Catherine Ryan Hyde Catherine Ryan Hyde is the author of more than 25 published and forthcoming books, including the bestselling When I found You, Pay It Forward, Don't Let Me Go, and Take Me With You.

           

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A Post About Happiness

Catherine Ryan Hyde

A couple of months ago I bought a new pair of RayBans to replace an old scratched-up pair I’d had for years (I get terrible eyestrain headaches from less expensive sunglasses).  Yesterday, at a friend’s memorial, they were in the pocket of my raincoat when I leaned on them and broke them.  I thought maybe they could be repaired, and I wasted some time trying.  I didn’t succeed in fixing them, but I did poke a nice hole in my finger with the tiny screwdriver in the process.

Then this morning got off to a rocky start.  They’re building a house behind mine, in what was once a pristine field with an ocean view.   And I mean right behind.  A few feet from my back fence.  They whacked down two beautiful, huge, healthy trees to do it.  And now I get to listen to construction all day long.  But that’s just one of those things you have to accept.  Short of buying the acre lot myself (I tried, but it was beyond me financially), there’s nothing much more to be done. 

This morning, however, they woke me up at 6:30.  They were out there in the dark, flooding the work area with the headlights of one of the pickup trucks and hammering on something.  So I put on my robe, and discussed with them the laws that limit them to a 7:00 a.m. start.  They expressed contrition (always to be taken with a grain of salt in reference to a purely voluntary act) but that didn’t stop the deafening concrete truck from showing up (in reverse—beep, beep, beep) at 6:50.

So let’s just say the morning required a little…reframing.  I had one more conversation with the building foreman, who assured me that this was the last “concrete morning” and the last time they’d be pushing to stay on schedule.  Then I gave up and ordered a new pair of sunglasses.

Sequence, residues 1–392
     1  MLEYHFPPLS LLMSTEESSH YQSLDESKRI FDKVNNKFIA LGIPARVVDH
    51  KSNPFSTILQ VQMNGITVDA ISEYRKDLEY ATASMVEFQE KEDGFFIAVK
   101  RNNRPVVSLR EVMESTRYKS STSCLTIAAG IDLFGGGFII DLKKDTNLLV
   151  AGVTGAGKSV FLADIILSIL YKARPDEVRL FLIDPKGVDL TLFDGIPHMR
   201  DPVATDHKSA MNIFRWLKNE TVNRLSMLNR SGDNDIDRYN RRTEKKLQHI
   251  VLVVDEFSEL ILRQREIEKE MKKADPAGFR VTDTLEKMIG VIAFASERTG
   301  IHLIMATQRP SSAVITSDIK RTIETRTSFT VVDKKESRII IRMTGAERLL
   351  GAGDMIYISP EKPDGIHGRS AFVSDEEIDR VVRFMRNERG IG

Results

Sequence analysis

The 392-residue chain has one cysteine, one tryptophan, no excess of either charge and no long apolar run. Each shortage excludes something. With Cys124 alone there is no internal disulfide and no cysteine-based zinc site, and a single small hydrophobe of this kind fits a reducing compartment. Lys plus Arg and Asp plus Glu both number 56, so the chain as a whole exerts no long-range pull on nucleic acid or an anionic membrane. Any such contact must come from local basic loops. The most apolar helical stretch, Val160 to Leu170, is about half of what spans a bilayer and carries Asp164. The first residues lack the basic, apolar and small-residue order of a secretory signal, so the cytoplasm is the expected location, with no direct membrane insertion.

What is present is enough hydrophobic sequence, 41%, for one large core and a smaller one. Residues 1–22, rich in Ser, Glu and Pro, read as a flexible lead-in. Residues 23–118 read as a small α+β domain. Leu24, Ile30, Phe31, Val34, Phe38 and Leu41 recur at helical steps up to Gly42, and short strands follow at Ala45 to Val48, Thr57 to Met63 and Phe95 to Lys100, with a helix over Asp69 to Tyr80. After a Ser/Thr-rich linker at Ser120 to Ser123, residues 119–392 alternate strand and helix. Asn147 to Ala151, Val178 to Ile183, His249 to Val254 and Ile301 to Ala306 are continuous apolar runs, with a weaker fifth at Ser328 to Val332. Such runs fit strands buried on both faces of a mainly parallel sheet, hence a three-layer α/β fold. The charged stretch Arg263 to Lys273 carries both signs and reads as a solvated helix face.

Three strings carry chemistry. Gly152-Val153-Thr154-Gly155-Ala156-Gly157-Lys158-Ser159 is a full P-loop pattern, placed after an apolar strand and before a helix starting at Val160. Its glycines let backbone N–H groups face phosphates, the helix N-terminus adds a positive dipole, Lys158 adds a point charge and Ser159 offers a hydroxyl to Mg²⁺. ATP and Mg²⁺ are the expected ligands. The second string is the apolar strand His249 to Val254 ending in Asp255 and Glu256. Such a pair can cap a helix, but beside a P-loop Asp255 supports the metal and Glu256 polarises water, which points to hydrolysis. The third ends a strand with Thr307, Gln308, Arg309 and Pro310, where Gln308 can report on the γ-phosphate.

Later in the morning I was driving through town with Ella (my dog), and surprised myself (and probably her) by announcing that I had decided to be happy.

So, a blog about what I think happiness is.  I’ve been experimenting with the idea that it’s a decision.

Now, that’s an easy statement to argue.   You may say, “But there’s so much I can’t control, and it makes me unhappy.”  Right.  True.  There’s a lot we can’t control.  But if we could be happy anyway, then we could be happy.  Case in point:  I’m tempted to be unhappy about a house behind my back fence.  But there’s a house on either side of me, and one right across the street.  I look out and see them all the time.  And they never make me unhappy. 

I’ve been noticing lately how often we feel we have “justified resentments.”  I hear people say, “I have a right to be upset about this.”  And I think, Yeah.  Sure you do.  But why would you want to be?  I always have a right to unhappiness, but it’s not a right I’m all that anxious to exercise. 

So here’s my wish for the New Year.  I wish for us to all be happy.  And by that I don’t mean I wish for every inch of the Universe to line up to suit your preference.  Not because I don’t want that for you, or for myself, but because it’s—let’s face it—not bloody well likely.  So my wish is that, whatever comes your way in the New Year, you choose to be happy.  Happy with it, happy in spite of it…it really doesn’t matter.  I just hope we can choose to be happy.